Load Sharing Dynamic Anterior Cervical Plate چاپ
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جمعه, 27 مهر 1386 ساعت 10:05
Clinical Experience with a New Load Sharing Dynamic Anterior Cervical Plate
Ronald I. Apjlbaum, MD
Andrew T. Dailey, MD (Salt Lake City, UT)
Jose Barbera, MD (Valencia, Spain)
A new dynamic plating system (ABC plate) has been developed to avoid stress shielding of the graft by allowing vertical migration of the fixation screws within the plate while preventing screw back-out and still effectively stabilizing the spine to restore or preserve lordosis.
Methods:
149 patients were implanted at two different centers. Indications were herniated disks in 43%, degenerative disease in 38%, trauma in 13%, deformity and failed fusion in 2% each, and tumors and OPLL in 1% each. Patients ranged in age from 18 to 76 years (average 46 yrs.). Screw placement was unicortical in 55%, bicortical in 45%. Single level plates were used in 43%, two level plates in 44%, and three or more levels were plated in 1 3%. Corpectomies were used in 24% with the remainder being interbody fusions. Allograft was used in 56%, autograph in 44%. Patients are seen and follow-up radiographs, including lateral flexion/extension views, are taken at the 1, 3, 6 and 12 month intervals after surgery. Settling was measured and corrected for magnification. Cobb angles were measured to determine changes in angulation from immediately preoperatively to subsequent interval films. Fusion was determined by bridging trabecular bone and the absence of motion at the tips of the spinous processes on flexion and extension films.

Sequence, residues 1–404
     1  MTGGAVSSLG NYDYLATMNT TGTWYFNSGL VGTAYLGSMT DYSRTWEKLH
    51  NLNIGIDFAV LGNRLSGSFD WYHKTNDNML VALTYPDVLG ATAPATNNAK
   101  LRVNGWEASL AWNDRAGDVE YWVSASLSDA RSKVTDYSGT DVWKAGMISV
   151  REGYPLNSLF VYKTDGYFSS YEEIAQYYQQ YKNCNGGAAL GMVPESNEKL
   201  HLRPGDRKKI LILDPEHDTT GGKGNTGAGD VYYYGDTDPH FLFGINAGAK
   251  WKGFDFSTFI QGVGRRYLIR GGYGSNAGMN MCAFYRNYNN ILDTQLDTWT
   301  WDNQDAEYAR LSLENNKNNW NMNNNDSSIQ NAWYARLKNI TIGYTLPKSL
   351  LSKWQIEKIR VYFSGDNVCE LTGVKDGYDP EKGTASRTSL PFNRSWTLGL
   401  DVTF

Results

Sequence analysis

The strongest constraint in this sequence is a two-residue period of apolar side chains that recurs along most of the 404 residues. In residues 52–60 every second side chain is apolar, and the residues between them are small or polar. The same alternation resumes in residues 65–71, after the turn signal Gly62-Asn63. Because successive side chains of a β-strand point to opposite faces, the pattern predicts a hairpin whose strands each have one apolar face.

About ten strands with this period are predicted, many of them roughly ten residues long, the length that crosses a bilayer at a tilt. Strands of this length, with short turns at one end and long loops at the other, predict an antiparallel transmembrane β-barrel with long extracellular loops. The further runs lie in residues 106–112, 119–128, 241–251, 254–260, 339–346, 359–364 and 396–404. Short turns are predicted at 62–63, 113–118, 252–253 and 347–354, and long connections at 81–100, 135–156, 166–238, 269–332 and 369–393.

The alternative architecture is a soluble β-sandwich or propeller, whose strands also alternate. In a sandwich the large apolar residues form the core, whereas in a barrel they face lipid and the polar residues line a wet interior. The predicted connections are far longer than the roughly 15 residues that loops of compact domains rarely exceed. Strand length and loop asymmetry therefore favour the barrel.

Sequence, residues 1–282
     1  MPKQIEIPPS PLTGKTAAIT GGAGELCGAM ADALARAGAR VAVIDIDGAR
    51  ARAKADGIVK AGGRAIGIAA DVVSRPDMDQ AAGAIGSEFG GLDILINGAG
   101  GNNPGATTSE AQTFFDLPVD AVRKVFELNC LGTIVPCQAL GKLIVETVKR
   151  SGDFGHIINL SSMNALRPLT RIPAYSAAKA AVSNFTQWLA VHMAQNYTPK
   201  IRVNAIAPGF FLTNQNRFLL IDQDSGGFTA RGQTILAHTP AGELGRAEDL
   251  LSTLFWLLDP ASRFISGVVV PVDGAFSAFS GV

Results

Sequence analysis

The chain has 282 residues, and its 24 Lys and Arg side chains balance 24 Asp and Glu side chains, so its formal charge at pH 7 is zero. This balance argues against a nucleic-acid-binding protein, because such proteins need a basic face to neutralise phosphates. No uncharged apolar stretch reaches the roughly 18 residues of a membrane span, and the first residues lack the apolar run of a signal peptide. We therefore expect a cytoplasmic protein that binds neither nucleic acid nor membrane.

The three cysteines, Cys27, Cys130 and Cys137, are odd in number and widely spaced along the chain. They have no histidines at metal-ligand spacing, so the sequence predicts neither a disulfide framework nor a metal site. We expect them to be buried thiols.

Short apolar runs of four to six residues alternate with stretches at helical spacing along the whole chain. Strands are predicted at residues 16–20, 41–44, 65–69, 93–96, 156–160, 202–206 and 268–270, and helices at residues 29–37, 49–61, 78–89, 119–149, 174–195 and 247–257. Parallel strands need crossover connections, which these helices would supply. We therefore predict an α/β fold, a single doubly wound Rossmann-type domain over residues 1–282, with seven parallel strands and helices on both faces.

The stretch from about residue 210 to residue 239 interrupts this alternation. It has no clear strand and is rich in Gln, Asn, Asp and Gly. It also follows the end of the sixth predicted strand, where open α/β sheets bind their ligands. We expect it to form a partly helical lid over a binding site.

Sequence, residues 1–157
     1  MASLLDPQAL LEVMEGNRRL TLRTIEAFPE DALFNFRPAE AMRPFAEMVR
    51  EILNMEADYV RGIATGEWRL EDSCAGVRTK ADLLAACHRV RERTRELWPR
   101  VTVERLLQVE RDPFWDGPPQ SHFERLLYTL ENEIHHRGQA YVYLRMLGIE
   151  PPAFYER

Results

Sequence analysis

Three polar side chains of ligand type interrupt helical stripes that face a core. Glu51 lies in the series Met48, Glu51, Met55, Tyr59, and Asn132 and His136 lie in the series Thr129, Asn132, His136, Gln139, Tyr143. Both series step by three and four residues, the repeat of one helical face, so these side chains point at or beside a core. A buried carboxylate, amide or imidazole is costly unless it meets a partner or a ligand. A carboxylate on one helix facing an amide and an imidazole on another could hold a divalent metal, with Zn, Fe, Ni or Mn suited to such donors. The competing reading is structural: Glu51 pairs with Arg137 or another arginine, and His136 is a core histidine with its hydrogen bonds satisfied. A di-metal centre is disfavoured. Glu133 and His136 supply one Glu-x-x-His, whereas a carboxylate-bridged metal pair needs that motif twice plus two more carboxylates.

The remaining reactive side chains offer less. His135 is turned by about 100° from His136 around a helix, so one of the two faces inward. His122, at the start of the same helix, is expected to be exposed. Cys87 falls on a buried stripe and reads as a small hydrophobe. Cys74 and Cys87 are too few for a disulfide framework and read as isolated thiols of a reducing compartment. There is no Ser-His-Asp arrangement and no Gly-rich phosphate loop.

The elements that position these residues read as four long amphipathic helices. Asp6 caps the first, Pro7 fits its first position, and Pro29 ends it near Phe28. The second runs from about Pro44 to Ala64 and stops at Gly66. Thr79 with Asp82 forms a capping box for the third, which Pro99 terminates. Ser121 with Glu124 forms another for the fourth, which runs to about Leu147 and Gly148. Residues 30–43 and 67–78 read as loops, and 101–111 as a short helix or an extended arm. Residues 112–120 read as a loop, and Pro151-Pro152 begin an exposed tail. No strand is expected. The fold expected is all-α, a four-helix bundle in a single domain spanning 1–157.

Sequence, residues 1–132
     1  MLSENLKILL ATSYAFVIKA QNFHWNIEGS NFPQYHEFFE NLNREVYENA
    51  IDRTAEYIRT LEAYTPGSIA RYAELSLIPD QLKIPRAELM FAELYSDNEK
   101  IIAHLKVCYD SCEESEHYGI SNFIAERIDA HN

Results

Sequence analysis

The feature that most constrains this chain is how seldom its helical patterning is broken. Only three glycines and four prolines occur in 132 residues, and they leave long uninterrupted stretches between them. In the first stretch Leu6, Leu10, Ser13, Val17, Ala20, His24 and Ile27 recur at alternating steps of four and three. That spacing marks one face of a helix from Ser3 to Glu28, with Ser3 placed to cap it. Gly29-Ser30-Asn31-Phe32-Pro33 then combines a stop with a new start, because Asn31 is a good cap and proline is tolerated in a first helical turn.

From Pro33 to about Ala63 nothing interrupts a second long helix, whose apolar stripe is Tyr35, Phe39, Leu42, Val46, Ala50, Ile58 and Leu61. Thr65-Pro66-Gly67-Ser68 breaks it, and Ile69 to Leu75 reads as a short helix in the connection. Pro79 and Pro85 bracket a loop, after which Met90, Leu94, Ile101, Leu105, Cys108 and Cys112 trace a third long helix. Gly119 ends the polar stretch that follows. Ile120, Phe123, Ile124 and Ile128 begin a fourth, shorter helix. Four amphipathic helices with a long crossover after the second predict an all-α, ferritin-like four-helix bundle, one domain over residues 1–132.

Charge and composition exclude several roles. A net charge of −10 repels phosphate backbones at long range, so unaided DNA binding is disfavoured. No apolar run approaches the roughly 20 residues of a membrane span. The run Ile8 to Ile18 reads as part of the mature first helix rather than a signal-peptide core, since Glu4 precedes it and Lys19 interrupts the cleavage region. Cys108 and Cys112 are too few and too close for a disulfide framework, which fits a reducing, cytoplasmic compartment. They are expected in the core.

Results:
Minimum follow-up of 3 months was available on 93 patients, involving 174 instrumented levels.
Settling:
Settling occurred in most patients. It was more pronounced with the use of allograft, but averaged 1 to 2 mm/level overall with a maximum of 6 mm in one patient with a three level fusion. Ninety-five percent of the settling occurred in the first month, at which time the grafts often were indistinguishable from the three month grafts in rigidly plated patients. No settling occurred after 3 months.
Fusion:
Virtually all levels showed impressive early graft incorporation. Using the strict criteria defined above, 122 of 174 levels (70%) were fused at 3 months and 103 of 120 levels (86%) at 6 months. No translational instability was observed.
Kyphotic Angulation:
Lordosis was preserved unchanged in 141 patients, while there was a 5º loss of lordosis in 2 patients. Kyphosis in 6 patients was maintained within 5º of the postoperative correction. There were no hardware-related complications and no patients had a
painful nonunion.
Conclusions:
This constrained true load sharing system appears to attain the goals of stabilizing the spine after surgery or trauma while promoting earlier and more substantial graft incorporation. Since no negative downside has been identified, the use of this type of anterior cervical plating system would seem to confer a significant benefit to the patient.
 
 
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